You can almost sense the first pangs of Functionalism in Wittmaack & Hvalsøe’s austere neoclassical design for the monumental gateway into Østerbro Stadium. Built in 1926, Wittmaack and Hvalsøe’s grand entry portal was part of a broader expansion that added a new natatorium, fieldhouse, etc. to Copenhagen’s Idraetsanlæg, the first athletics stadium in Denmark. After its completion in 1912, Carlsberg owner Carl Jacobsen donated a cast of Ernst Moritz Geyger’s The Archer to the facility - the cast of Alfred Boucher’s At the Finish Line atop the gatehouse followed 13 years later. Today, Østerbro Stadium is the home ground of 2. Division soccer team B.93, as well as Danmarksserien club B.K. Skjold.
Architects Arthur Wittmaack and Vilhelm Hvalsøe enjoyed a productive partnership after they started their firm in 1916. Working across styles from National Romantic to neoclassical to really nifty early modernism, they designed offices like Copenhagen’s Axelborg, churches like Absalonskirke, theaters like Amager Bio, and housing like Høje Skodsborg. Truly a little bit of everything - one of those firms that got a little lucky and formed at the right time economically and then rode that wave to quietly sculpt the built environment of their city for the next century.
Carlsberg owner Carl Jacobsen donated this cast of The Archer to Copenhagen’s new athletics stadium to inspire athletic excellence (...and further burnish his own reputation and put his personal stamp on a high-profile piece of public infrastructure). Sculpted by German artist Ernst Moritz Geyger, the original version was bought by Kaiser Wilhelm II in 1902 (Geyger was popular with despots - Hitler apparently owned one of his paintings). A highly reproduced piece of sculpture, four full-size casts were produced, including this one.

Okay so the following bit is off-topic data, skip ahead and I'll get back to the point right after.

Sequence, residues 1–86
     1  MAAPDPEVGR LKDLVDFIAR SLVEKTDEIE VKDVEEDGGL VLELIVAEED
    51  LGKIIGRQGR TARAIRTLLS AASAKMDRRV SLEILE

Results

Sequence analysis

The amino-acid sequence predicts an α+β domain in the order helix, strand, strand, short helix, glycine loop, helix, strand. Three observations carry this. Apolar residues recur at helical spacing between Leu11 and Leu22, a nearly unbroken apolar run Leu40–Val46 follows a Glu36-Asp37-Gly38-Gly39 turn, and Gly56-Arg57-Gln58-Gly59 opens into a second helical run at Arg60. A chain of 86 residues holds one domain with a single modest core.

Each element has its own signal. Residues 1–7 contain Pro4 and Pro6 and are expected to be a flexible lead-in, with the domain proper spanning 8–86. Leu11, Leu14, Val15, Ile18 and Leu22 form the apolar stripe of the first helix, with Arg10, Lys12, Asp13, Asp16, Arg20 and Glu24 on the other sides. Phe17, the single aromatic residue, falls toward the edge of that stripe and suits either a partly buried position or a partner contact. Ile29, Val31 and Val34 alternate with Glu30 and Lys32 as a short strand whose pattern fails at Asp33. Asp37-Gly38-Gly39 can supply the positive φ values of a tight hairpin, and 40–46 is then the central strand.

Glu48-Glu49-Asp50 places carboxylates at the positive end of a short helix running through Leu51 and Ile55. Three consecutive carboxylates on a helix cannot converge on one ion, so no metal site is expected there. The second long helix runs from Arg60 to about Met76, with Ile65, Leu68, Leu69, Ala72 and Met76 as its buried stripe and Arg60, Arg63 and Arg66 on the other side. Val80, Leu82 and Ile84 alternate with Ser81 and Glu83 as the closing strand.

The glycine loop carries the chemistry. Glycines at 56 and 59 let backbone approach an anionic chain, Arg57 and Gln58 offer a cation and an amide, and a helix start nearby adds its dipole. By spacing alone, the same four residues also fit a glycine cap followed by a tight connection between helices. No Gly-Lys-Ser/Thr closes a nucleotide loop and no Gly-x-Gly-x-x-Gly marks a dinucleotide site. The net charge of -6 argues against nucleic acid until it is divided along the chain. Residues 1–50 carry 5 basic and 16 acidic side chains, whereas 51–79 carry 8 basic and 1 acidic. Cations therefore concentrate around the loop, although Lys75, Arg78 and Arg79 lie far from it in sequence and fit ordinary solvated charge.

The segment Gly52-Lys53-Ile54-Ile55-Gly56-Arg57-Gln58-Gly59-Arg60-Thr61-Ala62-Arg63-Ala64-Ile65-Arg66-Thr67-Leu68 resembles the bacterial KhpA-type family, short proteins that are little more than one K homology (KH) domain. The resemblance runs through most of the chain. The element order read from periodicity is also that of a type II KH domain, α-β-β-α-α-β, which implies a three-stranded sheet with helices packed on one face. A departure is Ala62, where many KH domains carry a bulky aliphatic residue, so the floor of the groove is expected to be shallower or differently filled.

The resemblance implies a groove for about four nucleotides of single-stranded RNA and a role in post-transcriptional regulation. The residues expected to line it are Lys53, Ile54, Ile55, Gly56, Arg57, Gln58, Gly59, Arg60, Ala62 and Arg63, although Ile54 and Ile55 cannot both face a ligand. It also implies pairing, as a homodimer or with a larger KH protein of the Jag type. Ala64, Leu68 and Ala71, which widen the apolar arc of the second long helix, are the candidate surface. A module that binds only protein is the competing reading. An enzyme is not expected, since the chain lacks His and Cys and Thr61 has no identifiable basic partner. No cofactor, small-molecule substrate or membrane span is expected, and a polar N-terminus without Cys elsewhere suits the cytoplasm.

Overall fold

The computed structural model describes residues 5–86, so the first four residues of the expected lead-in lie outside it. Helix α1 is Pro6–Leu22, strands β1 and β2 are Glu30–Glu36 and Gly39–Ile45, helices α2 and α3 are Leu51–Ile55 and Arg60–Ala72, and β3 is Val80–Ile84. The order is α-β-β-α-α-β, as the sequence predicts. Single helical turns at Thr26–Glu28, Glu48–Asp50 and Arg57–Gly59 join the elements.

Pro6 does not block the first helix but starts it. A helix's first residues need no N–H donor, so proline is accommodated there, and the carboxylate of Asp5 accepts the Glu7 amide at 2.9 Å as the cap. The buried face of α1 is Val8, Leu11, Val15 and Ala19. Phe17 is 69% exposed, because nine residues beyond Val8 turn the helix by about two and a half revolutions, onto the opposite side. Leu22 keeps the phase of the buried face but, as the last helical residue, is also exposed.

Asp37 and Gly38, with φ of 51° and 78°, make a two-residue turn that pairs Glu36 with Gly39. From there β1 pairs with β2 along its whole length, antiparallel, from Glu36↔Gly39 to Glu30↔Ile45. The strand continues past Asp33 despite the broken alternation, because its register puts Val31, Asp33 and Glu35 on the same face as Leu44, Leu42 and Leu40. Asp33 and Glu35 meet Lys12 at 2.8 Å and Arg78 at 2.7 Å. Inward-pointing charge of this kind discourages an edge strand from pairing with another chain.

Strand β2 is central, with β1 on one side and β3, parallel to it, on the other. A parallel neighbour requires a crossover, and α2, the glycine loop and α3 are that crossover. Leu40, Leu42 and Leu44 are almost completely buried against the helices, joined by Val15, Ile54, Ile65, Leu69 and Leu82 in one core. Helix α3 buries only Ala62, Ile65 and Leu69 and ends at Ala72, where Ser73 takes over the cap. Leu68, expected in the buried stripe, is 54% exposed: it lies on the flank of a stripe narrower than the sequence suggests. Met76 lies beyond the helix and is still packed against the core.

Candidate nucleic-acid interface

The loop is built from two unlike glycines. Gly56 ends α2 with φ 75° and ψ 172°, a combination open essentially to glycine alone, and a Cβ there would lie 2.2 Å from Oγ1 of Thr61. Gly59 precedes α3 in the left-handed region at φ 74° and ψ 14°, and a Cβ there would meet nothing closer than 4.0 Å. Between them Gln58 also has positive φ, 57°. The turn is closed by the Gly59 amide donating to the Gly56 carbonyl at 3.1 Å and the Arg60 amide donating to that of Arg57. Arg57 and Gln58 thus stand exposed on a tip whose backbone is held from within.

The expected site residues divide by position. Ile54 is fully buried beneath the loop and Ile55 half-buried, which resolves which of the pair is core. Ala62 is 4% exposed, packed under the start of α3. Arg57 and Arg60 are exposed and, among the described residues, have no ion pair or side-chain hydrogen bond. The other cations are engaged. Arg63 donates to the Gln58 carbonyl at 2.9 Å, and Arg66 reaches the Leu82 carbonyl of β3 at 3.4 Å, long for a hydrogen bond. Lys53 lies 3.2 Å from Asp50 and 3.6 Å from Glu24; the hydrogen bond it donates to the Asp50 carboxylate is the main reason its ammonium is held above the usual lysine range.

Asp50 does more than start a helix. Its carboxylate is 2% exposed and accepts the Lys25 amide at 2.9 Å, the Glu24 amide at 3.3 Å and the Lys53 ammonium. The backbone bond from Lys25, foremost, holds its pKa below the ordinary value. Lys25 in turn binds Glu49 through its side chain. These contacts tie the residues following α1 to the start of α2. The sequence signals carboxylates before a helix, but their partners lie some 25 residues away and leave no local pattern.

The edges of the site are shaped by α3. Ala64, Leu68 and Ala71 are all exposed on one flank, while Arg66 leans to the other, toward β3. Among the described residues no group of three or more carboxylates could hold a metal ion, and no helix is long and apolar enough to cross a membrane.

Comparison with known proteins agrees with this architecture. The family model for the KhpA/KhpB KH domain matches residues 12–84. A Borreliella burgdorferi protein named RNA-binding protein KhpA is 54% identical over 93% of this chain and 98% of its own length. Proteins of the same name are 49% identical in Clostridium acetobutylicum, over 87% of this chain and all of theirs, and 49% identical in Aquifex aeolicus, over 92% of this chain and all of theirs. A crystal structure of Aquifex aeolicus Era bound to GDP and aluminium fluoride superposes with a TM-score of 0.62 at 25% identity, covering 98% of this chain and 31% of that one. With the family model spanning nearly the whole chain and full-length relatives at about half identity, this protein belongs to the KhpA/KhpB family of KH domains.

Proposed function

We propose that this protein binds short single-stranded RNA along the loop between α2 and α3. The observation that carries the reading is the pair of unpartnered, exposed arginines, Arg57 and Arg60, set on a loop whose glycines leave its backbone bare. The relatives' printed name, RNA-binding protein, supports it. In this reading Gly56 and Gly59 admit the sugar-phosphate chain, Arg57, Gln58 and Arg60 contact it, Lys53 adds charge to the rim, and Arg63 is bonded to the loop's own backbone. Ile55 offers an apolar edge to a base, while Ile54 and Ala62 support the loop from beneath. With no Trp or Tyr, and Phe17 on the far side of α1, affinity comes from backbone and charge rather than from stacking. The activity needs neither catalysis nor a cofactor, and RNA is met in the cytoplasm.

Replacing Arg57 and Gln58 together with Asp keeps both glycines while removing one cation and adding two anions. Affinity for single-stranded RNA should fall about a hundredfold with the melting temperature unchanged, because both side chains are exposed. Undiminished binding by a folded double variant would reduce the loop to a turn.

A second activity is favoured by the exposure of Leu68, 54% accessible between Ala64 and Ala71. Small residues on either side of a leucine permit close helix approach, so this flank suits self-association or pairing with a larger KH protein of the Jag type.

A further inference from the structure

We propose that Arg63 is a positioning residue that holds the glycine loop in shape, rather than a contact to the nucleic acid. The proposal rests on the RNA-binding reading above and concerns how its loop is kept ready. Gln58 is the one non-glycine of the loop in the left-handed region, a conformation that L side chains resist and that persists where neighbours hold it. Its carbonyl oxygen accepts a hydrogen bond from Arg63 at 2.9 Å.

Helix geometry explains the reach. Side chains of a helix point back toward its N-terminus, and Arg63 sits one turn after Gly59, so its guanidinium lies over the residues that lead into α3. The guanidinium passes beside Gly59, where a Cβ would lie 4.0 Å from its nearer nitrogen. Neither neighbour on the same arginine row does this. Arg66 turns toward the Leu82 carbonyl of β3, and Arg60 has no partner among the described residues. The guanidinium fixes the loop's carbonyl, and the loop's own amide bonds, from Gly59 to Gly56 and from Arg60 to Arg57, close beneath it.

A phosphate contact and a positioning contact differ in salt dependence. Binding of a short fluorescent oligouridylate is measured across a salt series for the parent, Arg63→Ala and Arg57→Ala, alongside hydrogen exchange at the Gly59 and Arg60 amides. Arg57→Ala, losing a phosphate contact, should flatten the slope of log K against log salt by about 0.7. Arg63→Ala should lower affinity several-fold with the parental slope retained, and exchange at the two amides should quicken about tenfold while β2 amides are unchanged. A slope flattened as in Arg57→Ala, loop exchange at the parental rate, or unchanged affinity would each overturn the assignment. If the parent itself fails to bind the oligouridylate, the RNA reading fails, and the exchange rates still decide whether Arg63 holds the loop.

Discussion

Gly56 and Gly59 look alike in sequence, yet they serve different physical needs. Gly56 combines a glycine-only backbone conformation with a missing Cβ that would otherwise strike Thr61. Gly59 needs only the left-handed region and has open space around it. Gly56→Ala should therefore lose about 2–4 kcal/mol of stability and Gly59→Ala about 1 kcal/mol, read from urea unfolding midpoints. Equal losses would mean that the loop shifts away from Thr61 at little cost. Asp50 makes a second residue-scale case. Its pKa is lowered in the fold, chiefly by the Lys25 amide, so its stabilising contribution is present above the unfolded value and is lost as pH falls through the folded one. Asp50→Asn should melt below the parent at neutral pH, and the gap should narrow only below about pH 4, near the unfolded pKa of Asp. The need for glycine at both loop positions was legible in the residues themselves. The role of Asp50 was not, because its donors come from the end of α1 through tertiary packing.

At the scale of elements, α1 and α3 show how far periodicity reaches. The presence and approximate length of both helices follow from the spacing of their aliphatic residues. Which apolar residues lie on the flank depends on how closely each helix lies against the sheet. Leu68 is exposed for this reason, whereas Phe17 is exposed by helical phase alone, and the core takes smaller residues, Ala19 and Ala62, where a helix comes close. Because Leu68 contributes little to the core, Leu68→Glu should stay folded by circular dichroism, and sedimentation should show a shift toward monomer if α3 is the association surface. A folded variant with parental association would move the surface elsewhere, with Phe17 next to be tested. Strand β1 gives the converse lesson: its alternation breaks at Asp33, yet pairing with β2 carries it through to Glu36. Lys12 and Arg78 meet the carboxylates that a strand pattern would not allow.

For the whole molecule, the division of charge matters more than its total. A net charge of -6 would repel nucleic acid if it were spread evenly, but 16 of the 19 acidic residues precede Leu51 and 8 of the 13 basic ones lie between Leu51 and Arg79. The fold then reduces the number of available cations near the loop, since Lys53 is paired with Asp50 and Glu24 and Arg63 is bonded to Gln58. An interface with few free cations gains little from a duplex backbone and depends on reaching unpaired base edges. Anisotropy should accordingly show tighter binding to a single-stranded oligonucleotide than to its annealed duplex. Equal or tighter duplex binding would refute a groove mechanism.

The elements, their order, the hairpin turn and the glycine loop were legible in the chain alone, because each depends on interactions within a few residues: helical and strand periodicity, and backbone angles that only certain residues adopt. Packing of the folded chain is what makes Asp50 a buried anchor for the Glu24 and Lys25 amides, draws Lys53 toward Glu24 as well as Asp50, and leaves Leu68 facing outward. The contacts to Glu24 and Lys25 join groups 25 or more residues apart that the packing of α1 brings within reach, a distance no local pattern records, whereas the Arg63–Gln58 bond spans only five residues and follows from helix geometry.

Geyger’s Archer was the centerpiece of a clutch of classical sculpture that decorated the grounds of the original Østerbro Stadium. Classical sculpture isn’t my thing, but it’s kind of a lovely confluence of art and sport. To continue that theme on the new gatehouse, the New Carlsberg Foundation donated At the Finish Line. Sculpted by French artist Alfre Boucher, a friend of Rodin and a mentor to Camille Claudel, the bronze cast of three men reaching towards an unattainable goal was originally made in 1886. Technically, it’s still part of Glyptoteket’s collection today.